For a decidedly different board game (and one that is gender-specific) is Sweet Valley High. The series of books was a successful young adult series for young women, but translated to a board game was an odd choice.

Published by Milton Bradley in 1988, the Sweet Valley High game, for 8+, two to four players, goes like this: each player moves around the board in search of their missing, lost or late boyfriends and the items needed for their date night.

The player who finds the boy and the accessories wins!

And not to be left out, adults could also have fun with a board game. In 1980, Dr. Ruth Westheimer had started working with NYC radio station WYNY with a weekly show sharing her advice on sexual matters.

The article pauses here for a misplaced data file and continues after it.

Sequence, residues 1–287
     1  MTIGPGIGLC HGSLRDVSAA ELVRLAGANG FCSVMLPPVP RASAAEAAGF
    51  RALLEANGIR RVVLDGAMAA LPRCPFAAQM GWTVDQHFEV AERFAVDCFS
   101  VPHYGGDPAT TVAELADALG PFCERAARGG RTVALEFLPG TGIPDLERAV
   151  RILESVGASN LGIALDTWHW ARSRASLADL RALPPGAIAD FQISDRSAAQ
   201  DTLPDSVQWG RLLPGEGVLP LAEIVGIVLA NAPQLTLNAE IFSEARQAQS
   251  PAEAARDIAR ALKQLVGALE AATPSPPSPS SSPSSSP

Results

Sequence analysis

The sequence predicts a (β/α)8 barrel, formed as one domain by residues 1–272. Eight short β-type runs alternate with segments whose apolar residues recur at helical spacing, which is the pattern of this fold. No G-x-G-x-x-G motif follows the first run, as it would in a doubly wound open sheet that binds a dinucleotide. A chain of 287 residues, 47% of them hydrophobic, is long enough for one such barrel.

In 1985, Victory Games published the Dr Ruth’s Game of Good Sex, created with the good doctor.

Four to eight players, aged 18+, and usually as couples, go around the board, answering questions from Dr. Ruth about their sexual awareness and earning Arousal Points with visits to Dr. Ruth’s Sex Clinic.

The winner is the one who gains the most points, but the key is learning! (and perhaps putting info into practise).

Four random games of the decade are examples of how board games can be used in so many different ways to promote another part of pop culture.